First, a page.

When new communities are created it is important that the need for a social mix is addressed. Attempts to do so range widely from that of the Duchy of Cornwall at Poundbury to the Guinness Trust scheme at Caterham Barracks. In the latter a conscious attempt has been to pepperpot the scheme by intermingling private with social housing and building both to the same standards.

  Whilst new schemes are important the overwhelming need must be to bolster existing mixed communities and to encourage the growth of successful mix communities where this does not already happen. Government can help in this by:

    —  ensuring that a proportion of housing in new housing schemes is "affordable". Where land prices are high it may sometimes make economic sense for such provision to be made off-site. However, off-site provision can work against the building of mixed communities;

    —  greater scrutiny of and intervention in failing neighbourhoods to ensure that such areas are turned around before the decline becomes irreversible;

    —  a recognition of the crucial role that the performance of local schools play in creating and maintaining mixed communities; and

    —  a review of Right to Buy policies which are resulting in a loss of affordable housing in high cost areas.


  Development on brownfield land should nearly always be preferred to development on greenfield if we want to achieve an urban renaissance. Brownfield land is not, in itself, difficult to develop. The issue is wider, ie how to achieve sustainable urban development. Some sites remain undeveloped for a variety of reasons such as market failure, high costs, poor existing infrastructure and fragmented land ownership.

  In much of the midlands and north the brownfield land target should be 100 per cent initially until all the major regeneration challenges are addressed. The sequential approach to planning should be at a regional or sub regional level. If authorities on the edge of conurbations run out of urban land and start giving permissions to develop on greenfield sites this fatally undermines the efforts of central urban authorities with large supplies of urban land. Sustainable extensions to urban areas may have a limited application in some very specific and constrained locations. However the negative impact of these can spread over a very wide area—development in Milton Keynes has a negative impact on Leicester, for example, and even on inner London.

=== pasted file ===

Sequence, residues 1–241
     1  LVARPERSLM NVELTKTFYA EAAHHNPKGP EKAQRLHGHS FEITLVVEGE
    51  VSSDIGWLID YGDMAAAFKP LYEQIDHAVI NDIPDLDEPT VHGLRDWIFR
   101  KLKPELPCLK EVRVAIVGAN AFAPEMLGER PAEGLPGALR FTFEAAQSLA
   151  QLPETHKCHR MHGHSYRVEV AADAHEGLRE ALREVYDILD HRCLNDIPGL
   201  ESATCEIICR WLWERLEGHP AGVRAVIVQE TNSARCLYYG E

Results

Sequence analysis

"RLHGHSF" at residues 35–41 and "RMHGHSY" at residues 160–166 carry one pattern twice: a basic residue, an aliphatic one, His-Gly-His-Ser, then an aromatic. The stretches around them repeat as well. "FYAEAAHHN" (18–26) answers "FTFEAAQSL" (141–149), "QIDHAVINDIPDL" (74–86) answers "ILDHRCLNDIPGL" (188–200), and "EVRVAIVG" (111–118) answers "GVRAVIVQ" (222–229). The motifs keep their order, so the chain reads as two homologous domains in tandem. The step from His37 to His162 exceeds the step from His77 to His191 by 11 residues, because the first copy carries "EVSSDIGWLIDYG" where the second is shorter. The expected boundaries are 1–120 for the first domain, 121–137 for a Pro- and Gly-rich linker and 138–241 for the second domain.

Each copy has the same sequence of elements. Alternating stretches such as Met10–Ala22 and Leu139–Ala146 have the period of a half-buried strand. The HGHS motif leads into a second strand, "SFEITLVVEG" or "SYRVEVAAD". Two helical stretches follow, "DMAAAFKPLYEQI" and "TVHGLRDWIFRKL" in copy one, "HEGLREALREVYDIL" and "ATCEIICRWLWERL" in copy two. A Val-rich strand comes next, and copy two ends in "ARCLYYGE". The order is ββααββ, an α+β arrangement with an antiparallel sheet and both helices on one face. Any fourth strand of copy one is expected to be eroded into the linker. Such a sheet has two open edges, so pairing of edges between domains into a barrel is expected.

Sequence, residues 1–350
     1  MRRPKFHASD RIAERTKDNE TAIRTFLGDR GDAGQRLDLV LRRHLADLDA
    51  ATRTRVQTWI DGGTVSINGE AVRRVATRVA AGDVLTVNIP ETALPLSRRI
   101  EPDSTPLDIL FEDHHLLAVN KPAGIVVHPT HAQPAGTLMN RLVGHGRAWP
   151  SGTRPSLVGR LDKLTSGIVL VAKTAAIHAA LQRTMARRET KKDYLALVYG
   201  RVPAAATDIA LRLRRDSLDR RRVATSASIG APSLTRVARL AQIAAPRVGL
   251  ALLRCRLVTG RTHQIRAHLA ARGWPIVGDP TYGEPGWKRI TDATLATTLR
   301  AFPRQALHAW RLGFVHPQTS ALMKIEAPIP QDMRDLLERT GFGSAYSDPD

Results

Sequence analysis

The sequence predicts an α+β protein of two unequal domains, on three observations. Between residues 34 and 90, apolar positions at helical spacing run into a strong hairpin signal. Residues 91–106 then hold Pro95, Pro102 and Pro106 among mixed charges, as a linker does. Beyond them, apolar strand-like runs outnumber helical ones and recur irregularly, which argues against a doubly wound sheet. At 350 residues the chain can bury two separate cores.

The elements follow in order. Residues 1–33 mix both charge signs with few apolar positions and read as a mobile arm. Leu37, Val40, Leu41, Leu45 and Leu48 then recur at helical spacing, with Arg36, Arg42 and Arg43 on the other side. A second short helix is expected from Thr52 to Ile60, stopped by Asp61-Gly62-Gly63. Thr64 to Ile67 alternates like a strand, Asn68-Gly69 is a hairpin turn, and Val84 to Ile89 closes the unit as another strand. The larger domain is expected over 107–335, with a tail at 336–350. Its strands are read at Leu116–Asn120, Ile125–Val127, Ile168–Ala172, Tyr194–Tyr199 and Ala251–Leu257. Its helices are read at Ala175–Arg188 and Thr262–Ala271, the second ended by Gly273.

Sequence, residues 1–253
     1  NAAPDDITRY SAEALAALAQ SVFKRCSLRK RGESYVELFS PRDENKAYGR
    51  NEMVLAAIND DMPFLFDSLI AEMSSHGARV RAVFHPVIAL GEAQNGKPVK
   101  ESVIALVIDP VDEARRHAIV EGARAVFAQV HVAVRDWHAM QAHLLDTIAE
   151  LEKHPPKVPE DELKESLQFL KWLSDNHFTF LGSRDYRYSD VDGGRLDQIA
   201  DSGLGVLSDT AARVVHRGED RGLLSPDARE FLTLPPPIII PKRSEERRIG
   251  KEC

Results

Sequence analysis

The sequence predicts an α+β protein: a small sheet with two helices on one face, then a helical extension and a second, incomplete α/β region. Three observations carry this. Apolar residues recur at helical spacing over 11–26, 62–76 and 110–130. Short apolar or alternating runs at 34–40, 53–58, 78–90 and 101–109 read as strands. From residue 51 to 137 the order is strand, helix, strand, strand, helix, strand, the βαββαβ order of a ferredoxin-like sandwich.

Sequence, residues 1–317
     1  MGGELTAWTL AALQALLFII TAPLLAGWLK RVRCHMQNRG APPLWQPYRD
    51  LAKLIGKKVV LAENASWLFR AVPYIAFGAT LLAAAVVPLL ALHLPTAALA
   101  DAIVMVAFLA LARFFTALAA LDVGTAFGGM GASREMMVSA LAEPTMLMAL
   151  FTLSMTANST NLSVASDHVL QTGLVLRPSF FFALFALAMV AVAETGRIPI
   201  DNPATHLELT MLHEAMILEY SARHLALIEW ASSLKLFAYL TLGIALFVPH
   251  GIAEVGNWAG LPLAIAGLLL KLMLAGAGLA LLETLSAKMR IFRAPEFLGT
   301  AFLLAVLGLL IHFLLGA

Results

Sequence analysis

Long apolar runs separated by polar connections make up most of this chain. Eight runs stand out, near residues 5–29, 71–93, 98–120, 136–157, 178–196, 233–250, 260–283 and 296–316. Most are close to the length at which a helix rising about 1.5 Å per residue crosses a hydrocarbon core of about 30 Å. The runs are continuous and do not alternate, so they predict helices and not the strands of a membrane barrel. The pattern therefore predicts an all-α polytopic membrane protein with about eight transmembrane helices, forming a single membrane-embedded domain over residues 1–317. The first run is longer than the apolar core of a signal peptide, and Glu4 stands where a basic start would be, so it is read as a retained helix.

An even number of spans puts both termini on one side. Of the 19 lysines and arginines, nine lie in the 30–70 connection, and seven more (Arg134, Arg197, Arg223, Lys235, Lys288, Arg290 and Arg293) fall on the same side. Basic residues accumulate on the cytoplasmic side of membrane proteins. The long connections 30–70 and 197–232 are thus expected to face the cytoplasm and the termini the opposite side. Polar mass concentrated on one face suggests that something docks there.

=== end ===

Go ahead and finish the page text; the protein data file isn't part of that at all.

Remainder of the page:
The main two barriers to the greater use of brownfield land are the awarding of planning approvals for greenfield sites and the difficulty of assembling land in urban areas. If local authorities stopped giving "out of centre" planning permissions and started carrying out CPOs on good regeneration sites we could transform our urban areas. We very strongly endorse recent government proposals to allow CPOs for regeneration purposes and to introduce better levels of compensation.

  If there are favourable market conditions relating to a site and the costs of bringing it back into use, then the development will be achievable. If the costs are greater than the potential end value then public funds should be deployed to prevent the site from remaining derelict. But this kind of funding has dried up since the Partnership Investment Programme that provided gap funding was judged by the European Commission to be in contravention of its state aid rules in 1999. One of the funding schemes recently developed by the UK government partially to replace gap funding covers housing development on brownfield sites. However, this has not yet been approved by the Commission and only applies to housing for owner-occupation. The scheme should be extended to cover housing for rent.


  For individuals working in low paid professions, a lack of affordable housing imposes considerable restrictions in relation to housing choice. If the demand for certain professions is at its greatest in areas where housing is prohibitively expensive, then local economies will suffer. This problem is particularly acute for low paid key workers in areas of London and the South East who cannot afford to live near their place of work. This will significantly affect the provision of public services and raise the prospect of a loss of skills in vital sectors (as key workers relocate).

  As a lack of affordable homes spills into the labour market, employers may be forced to raise wages in order to retain their workforce even if this is not economically viable. Business competitiveness will therefore inevitably suffer.

previous page contents next page

House of Commons home page Parliament home page House of Lords home page search page enquiries index

© Parliamentary copyright 2002
Prepared 1 July 2002